There is a crossroad there,
but you might miss it
if you drive too fast;
you won’t miss the town
because it is no longer there.
There is shady hollow a mile or so past
at the bottom of the hill.
-An easy landmark to let you know you’ve gone too far-
This countryside is hilly and forested
with Loblolly pines,
fast growing trees that reclaim ground,
and the ground is
red Yazoo clay that is always moving.
That should tell you something,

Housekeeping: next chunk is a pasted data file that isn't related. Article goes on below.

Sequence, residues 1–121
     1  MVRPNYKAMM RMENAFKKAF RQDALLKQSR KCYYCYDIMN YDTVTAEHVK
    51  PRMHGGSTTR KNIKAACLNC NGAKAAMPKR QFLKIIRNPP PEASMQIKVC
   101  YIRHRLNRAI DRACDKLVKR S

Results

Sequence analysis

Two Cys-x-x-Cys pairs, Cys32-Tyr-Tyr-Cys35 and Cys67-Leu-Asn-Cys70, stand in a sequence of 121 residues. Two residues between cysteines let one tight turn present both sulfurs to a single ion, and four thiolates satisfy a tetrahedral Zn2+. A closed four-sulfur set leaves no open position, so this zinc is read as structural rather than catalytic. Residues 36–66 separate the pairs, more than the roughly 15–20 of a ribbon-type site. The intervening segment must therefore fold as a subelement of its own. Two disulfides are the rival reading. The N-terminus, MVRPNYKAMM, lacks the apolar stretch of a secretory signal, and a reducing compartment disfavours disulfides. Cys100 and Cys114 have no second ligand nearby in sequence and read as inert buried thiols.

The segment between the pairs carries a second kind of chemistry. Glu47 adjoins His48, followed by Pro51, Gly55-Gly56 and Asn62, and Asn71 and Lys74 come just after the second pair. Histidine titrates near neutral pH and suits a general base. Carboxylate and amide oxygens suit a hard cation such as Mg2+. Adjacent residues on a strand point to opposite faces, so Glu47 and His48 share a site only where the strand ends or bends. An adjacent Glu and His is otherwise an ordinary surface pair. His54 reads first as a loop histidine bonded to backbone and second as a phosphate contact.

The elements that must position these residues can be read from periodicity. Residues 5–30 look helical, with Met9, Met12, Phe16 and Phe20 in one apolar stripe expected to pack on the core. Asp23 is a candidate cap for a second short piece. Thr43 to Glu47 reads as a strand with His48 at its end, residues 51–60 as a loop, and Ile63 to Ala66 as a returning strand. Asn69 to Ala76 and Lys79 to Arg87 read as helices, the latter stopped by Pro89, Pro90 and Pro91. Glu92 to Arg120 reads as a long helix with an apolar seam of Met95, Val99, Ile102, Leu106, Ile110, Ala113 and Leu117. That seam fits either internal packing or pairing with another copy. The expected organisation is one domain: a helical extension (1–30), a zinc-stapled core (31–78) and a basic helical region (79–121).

I heard tales of gambling and roughshod characters,
when this was a destination place
or on the way to somewhere.
That was before the railroad came in two towns over
and took away its “on the way to” status,
and people left.
Eventually, you had to be from there to know.
The roadsign holds the name “Greensboro”
about eight feet high,
and an old clapboard house stands
at the intersection.
It needs paint.
Behind the house
and to the right
is a well-tended cemetery
with a new tin-roof chapel. There are no ghosts.
My people tell of a confederate general buried
-in Old Greensboro-
He must have been from there.